2. Caving in would amount to a very public fail. My husband wouldn’t give me any grief about it, especially since he remains a Diet Coke addict. But Ben and Colleen would never let me hear the end of it. And as a blogger, I feel obligated to report my failures as well as my successes. Would that fizzy cold caffeine taste as good, knowing I’d have to write about this transgression?

I got coffee and a bottled water and moved on with my life.

There are two morals to this story: Never underestimate the power of accountability, obviously, but inertia plays a huge role as well. Momentum along our current path in life is what keeps most of us from making positive changes. But once we do make that switch, it’s almost easier to continue that forward motion along the path you’re now on as to shift back to your previous, now tainted route.


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Sitting out the Swiss Days Race :(


Dad prepares to start the kids' 1-mile race during the 41st Swiss Days Race on Saturday in Berne, Ind.

Dad prepares to start the kids’ 1-mile race during the 41st Swiss Days Race on Saturday in Berne, Ind.

After all of Saturday’s agonizing about whether to attempt walk/jogging the Swiss Days Race or just watch from the sidelines, I put my injured hamstring to the test on Sunday when I burned my thumb in a backyard fire. I dashed across the yard to the house without a thought as to what effect that might have on my leg.

At this point, it looks like I came out pretty well on both counts: A smallish blister and renewed confidence that my hamstring is healing pretty well after taking just a few days off.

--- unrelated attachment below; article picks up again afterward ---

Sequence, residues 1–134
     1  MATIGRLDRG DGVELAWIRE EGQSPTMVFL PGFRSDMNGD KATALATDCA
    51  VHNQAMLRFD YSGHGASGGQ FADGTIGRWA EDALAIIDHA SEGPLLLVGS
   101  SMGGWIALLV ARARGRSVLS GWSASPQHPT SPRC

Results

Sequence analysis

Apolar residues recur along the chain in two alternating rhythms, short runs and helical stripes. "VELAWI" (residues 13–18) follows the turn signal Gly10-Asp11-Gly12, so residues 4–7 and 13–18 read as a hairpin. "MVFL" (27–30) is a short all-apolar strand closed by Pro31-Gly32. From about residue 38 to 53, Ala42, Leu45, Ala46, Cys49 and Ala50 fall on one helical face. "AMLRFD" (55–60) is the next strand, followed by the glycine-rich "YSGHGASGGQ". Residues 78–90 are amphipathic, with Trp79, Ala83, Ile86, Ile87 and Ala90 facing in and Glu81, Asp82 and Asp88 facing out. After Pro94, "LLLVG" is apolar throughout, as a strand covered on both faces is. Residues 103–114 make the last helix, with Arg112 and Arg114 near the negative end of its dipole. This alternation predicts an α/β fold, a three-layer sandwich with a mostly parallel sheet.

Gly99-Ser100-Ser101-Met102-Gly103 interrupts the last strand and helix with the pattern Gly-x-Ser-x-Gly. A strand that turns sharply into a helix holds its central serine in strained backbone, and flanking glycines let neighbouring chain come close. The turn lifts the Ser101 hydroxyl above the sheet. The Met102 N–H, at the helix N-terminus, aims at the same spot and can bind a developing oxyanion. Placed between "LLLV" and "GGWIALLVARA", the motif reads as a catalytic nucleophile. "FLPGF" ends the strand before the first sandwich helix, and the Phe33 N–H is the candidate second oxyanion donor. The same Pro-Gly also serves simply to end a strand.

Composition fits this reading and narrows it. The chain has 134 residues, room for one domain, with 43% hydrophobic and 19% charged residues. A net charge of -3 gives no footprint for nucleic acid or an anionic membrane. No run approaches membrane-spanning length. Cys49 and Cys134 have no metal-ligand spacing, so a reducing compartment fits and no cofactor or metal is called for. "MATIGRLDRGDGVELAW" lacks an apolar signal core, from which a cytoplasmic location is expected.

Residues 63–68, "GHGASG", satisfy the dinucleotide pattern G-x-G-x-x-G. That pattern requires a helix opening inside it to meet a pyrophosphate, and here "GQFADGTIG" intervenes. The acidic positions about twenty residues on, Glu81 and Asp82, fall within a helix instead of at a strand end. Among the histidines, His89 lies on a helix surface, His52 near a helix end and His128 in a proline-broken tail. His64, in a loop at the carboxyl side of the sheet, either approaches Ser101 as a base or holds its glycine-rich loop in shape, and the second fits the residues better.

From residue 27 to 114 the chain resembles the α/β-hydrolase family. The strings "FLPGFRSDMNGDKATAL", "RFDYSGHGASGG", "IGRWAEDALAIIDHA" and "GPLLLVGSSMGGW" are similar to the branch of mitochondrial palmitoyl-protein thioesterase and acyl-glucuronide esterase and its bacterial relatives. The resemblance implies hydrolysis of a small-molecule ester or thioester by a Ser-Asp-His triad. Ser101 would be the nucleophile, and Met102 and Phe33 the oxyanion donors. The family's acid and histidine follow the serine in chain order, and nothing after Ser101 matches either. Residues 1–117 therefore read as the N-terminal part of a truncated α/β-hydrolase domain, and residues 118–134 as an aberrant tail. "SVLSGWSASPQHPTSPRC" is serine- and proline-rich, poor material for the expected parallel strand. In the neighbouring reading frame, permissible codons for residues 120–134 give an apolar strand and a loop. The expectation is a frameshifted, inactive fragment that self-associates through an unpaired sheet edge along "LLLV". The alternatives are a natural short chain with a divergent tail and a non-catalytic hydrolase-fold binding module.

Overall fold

In retrospect, I wish I would’ve rested the leg when I felt that first twinge a couple of weeks ago while doing intervals with my sister. But I didn’t, and after a couple of hill sessions coupled with the most intense cycling I’ve done all summer concentrated in a span of just 3-4 days had me wincing even during low-key jog/walk sessions with Colleen.

I had a sense of foreboding when Traci and I attempted a 5K time trial a few days before the Swiss Days Race, feeling the hamstring tighten up as we increased our pace. Then it cramped up into a screaming knot around the 2-mile mark, and I was done.

From what I’ve read on various websites since then, this injury could’ve been a lot worse. Tear your hamstring up too badly, and you can’t even walk without crutches. Even right after whatever it was that happened – maybe a slight tear but more likely just some inflammation – I was at least able to walk without too much discomfort. Ice and a compression wrap helped quite a bit. I hope to test the leg out in a day or two with some light jogging.